Lastly, we’ll need a display case to wrap everything in and to help the Touchscreen Pi stand upright on a table, sideboard or hifi rack. This cost me €15 but your mileage may vary. The port layout on the Pi 4B differs from the 3B so remember to buy the right one for your device. As the Pi 4B runs hotter than the 3B, it’s important we consider cooling but without introducing a fan. Who wants a cooling fan whirring away in their hi-fi rack? Not me. I went on the hunt for Pi 4 cases without fans but where a back panel could be left off to leave the Pi’s backside exposed to the elements:
We’ll start by unboxing the screen and laying it face down on the bubble wrap, making sure that the thin gold ribbon connectors that connect the green control board to the screen are furthest away from us. Do not touch those connectors. They are fragile! Let’s attach the (supplied) white ribbon cable to the screen’s control board: the blue side faces downwards. To do this, we’ll loosen the little black pins on either side of the connector, slide the ribbon cable into the socket and then snap the black pins back down again to lock the ribbon cable in place.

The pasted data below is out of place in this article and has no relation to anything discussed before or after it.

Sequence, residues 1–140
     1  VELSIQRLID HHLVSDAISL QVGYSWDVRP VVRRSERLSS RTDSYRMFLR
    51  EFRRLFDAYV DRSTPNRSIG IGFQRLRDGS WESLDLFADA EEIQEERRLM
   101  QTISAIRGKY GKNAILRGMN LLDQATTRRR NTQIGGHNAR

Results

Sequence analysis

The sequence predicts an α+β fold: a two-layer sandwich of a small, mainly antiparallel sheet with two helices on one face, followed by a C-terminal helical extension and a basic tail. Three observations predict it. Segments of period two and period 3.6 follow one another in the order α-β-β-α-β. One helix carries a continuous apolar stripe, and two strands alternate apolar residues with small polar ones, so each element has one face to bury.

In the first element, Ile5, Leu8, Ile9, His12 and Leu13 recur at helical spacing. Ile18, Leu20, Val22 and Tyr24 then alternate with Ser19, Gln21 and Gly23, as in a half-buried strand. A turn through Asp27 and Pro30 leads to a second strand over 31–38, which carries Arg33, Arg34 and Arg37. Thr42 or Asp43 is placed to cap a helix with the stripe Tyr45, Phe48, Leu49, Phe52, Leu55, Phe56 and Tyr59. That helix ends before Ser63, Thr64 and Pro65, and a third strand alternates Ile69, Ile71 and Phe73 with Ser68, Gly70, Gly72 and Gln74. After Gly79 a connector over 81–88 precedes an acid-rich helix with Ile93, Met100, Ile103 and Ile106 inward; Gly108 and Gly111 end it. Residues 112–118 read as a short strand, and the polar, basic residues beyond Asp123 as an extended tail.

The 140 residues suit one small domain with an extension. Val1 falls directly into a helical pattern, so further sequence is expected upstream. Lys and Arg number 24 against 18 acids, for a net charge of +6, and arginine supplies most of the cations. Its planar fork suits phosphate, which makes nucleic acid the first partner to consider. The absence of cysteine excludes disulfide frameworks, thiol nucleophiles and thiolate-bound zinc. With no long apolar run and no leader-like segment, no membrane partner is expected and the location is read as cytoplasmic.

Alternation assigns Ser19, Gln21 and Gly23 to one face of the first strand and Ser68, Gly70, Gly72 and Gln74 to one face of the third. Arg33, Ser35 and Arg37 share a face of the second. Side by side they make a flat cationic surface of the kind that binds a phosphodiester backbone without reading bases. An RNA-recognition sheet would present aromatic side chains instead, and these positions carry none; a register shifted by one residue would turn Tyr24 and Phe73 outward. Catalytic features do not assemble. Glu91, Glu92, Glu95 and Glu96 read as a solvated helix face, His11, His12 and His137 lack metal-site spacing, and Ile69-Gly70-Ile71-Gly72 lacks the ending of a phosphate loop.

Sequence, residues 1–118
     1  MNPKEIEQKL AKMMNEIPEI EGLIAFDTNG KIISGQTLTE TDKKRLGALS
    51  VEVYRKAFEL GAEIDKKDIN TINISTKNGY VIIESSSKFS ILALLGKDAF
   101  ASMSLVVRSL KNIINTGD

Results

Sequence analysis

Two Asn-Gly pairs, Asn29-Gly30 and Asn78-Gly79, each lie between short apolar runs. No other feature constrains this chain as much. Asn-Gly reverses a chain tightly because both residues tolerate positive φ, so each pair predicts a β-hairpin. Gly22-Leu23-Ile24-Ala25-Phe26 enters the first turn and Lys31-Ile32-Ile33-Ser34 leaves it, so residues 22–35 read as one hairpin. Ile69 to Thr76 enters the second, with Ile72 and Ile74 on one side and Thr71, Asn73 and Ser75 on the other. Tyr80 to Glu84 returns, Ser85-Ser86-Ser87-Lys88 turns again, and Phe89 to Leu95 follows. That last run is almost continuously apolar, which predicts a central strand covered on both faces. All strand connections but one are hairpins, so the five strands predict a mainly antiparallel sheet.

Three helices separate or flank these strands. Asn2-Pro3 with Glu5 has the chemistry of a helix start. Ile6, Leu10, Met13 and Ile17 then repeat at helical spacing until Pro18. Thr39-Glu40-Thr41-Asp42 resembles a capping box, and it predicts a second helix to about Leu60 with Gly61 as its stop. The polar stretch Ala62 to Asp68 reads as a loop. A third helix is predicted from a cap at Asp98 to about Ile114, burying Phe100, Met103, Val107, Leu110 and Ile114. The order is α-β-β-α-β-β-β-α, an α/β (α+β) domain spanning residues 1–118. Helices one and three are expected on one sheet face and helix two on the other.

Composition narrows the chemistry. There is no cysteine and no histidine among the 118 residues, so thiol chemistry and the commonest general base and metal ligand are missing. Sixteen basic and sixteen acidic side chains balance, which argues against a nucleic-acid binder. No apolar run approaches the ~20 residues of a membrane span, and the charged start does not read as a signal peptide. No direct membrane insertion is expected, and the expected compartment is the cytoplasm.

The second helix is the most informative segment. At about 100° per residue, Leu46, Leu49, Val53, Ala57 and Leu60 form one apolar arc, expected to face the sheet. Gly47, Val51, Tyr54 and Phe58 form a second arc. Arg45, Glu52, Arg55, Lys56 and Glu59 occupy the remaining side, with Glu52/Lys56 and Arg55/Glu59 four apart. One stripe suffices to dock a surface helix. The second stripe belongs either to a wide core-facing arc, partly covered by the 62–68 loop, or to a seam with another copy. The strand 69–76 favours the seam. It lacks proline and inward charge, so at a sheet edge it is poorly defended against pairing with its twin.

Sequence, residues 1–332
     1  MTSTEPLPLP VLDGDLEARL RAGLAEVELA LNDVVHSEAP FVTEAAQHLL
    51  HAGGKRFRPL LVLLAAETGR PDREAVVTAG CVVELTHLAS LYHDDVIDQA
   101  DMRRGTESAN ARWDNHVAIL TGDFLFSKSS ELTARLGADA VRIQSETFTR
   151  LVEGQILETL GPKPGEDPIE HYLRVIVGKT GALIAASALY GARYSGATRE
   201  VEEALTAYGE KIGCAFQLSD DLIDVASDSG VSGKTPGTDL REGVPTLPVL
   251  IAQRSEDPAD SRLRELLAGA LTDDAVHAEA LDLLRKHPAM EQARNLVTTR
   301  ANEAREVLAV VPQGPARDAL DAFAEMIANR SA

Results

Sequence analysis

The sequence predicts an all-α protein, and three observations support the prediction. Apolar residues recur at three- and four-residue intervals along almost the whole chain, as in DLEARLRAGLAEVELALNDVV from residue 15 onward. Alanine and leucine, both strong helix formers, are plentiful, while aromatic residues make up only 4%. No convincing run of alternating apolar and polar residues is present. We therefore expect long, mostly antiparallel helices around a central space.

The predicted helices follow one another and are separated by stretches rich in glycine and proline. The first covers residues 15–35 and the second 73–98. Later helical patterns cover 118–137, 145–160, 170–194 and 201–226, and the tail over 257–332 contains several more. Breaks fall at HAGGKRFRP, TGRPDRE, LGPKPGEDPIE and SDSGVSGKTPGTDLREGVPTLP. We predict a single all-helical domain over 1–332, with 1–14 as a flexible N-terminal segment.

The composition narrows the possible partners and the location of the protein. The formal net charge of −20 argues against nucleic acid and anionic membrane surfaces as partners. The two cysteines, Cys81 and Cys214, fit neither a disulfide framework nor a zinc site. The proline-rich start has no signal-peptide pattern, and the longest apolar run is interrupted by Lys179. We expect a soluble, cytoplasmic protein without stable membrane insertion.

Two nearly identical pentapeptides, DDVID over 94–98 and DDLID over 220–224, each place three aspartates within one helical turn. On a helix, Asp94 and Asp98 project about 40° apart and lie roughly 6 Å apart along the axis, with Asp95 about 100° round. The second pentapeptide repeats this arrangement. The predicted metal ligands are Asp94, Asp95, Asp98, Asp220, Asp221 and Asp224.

Next, we screw the Raspberry Pi onto the gold risers protruding from the screen’s green control board. The four screws are supplied with the touchscreen. Now we attach the other end of the white ribbon cable to the Raspberry Pi’s ribbon connector. It’s on the right side of the board, closest to the ribbon cable below: carefully loosen the black locking strip at each end with a fingernail, insert the cable (no need to twist it) and then press down on the black strip’s ends to lock the cable down. You should feel a click at each end.